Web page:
“although you know that I am not guilty, and there is no one to deliver out of your hand?” Job 10:7
“There is no Holy One like the Lord, no one besides you; there is no Rock like our God… The Lord kills and brings to life; he brings down to Sheol and raises up.” 1 Samuel 2:2, 6
“You are my witnesses, says the LORD, and my servant whom I have chosen, so that you may know and believe me and understand that I am he. Before me no god was formed, nor shall there be any after me. I, I am the LORD, and besides me there is no savior. I declared and saved and proclaimed, when there was no strange god among you; and you are my witnesses, says the LORD. I am God, and also henceforth I am He; there is no one who can deliver from my hand; I work and who can hinder it?” Isaiah 43:10-13
The OT further describes believers as the sheep of Jehovah’s hand, i.e. the flock under his care, whose glorious voice they are supposed to obey:
“O come, let us worship and bow down, let us kneel before the Lord, our Maker! For he is our God, and we are the people of his pasture, and the sheep of his hand. O that today you would listen to his voice! Do not harden your hearts,” Psalm 95:6-8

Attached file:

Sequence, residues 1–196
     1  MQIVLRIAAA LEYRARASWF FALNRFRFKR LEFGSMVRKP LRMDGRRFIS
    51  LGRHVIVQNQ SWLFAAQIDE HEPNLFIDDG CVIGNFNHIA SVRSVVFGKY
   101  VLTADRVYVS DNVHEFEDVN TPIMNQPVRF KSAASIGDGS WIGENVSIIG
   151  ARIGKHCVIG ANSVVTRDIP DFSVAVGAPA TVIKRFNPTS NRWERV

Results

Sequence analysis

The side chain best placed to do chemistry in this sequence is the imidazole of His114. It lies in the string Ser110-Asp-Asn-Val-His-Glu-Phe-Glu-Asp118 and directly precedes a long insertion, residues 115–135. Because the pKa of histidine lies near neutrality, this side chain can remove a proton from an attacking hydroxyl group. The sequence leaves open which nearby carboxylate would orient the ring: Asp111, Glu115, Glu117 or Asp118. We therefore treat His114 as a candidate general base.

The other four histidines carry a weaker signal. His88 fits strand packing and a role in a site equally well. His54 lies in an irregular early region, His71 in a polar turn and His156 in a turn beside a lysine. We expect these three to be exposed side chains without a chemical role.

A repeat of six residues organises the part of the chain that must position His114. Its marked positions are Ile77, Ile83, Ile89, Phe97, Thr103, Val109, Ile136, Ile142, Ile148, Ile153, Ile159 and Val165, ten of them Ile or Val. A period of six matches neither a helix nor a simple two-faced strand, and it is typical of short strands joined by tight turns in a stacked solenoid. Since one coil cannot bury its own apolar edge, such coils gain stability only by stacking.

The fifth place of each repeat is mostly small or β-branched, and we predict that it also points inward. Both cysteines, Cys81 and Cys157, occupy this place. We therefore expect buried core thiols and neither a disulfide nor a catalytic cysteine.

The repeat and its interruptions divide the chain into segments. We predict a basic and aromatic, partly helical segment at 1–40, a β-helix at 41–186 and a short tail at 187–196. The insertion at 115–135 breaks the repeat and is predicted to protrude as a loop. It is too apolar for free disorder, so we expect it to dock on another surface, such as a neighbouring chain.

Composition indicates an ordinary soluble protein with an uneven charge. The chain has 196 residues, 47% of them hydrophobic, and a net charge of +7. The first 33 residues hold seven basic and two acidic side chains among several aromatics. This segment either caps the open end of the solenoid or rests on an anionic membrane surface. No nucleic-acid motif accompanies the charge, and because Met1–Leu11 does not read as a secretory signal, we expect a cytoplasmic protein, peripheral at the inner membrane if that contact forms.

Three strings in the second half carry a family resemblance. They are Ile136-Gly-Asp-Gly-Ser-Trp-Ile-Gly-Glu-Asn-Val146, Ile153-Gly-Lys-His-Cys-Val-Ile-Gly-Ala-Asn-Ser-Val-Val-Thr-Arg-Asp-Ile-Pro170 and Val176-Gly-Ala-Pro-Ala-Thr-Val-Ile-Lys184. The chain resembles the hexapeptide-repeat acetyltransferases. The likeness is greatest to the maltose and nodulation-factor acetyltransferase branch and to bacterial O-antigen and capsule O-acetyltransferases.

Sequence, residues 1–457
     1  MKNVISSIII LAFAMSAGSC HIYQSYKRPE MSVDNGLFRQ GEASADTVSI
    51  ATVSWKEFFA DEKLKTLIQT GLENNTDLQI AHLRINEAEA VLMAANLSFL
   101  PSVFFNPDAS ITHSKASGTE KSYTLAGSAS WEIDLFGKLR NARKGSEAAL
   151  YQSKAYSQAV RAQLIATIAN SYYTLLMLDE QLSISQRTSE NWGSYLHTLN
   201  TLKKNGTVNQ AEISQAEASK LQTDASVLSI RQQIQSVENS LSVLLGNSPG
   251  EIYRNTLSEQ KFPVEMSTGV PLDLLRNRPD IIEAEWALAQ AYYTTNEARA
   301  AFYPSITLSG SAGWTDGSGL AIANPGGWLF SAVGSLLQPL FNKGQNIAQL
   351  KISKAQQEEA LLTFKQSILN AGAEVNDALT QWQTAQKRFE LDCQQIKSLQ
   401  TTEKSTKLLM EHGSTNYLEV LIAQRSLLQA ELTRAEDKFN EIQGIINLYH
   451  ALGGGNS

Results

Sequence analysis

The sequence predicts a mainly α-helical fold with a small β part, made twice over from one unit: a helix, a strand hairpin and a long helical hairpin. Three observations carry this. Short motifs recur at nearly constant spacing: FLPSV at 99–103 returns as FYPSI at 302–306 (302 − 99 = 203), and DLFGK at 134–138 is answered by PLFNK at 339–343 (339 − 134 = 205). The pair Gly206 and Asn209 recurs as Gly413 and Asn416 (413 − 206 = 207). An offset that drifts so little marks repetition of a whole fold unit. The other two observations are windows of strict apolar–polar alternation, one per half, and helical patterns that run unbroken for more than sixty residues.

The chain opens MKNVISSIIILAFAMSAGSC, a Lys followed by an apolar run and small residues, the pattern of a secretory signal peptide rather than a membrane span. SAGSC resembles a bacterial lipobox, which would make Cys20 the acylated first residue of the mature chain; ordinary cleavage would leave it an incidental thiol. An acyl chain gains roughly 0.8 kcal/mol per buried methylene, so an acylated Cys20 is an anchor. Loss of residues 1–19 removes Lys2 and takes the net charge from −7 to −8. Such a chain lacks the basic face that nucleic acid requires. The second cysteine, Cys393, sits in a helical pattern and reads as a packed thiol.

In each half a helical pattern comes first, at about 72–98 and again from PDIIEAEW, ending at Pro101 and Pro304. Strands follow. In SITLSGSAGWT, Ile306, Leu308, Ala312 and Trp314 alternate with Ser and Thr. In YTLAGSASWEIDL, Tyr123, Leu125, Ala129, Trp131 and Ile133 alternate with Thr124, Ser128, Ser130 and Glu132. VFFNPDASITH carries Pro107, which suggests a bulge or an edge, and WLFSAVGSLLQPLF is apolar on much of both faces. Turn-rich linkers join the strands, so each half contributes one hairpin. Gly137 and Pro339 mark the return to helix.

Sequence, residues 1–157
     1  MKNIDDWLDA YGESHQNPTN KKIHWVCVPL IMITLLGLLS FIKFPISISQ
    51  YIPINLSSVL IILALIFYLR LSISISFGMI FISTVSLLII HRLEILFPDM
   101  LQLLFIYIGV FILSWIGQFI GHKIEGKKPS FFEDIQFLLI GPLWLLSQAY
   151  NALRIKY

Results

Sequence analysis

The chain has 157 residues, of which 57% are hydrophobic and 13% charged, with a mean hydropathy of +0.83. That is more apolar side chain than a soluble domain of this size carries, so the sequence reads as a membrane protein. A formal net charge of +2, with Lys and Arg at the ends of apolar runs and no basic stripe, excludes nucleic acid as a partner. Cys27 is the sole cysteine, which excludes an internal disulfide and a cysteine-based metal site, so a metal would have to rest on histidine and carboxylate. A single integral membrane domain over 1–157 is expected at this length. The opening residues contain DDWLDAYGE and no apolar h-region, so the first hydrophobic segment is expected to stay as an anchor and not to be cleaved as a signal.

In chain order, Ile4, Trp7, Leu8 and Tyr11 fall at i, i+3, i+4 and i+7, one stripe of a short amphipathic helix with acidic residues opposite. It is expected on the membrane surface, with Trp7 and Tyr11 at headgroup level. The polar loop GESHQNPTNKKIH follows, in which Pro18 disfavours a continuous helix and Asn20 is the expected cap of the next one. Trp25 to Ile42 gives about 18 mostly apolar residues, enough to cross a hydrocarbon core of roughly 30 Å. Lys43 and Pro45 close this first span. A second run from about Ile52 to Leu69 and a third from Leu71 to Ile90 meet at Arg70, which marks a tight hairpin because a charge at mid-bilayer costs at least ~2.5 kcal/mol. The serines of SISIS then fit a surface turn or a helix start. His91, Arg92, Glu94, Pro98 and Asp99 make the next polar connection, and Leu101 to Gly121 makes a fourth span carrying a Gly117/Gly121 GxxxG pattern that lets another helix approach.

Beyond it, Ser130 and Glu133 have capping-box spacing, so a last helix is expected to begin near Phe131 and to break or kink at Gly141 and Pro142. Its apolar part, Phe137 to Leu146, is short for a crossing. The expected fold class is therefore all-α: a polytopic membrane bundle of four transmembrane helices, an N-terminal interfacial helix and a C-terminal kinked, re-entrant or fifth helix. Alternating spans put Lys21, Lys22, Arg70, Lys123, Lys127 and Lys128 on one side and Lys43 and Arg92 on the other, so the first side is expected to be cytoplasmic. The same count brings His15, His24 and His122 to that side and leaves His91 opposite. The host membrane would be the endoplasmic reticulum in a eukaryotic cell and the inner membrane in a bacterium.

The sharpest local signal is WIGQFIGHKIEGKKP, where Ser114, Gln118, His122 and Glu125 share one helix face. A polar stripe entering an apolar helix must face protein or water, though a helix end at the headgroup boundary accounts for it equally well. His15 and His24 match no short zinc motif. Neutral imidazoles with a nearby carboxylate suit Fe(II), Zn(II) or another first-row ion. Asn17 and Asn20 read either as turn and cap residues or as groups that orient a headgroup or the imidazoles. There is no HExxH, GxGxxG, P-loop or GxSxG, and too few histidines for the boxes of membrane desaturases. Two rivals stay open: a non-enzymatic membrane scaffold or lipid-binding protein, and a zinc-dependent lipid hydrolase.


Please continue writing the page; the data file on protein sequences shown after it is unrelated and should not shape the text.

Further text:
The foregoing explains why the Jews reacted the way they did since they correctly understood that Jesus, though he was a man, was making himself out to be God. Where they were incorrect is in their assumption that he was blaspheming for doing so.
Hence, Ehrman’s understanding of 1 John 5:7 leads to the inescapable conclusion that the Lord Jesus proclaimed that there are at least two divine Persons within the Godhead, since he claimed to be one with the Father, and therefore made himself essentially coequal with God.
What makes this all the more interesting is that Ehrman himself agrees with this point. Unlike the Muslim polemicists who parrot his arguments, Ehrman believes that John’s Gospel identifies Jesus as an eternal Being who is equal with God the Father. He even appeals to John 10:30 to establish his case: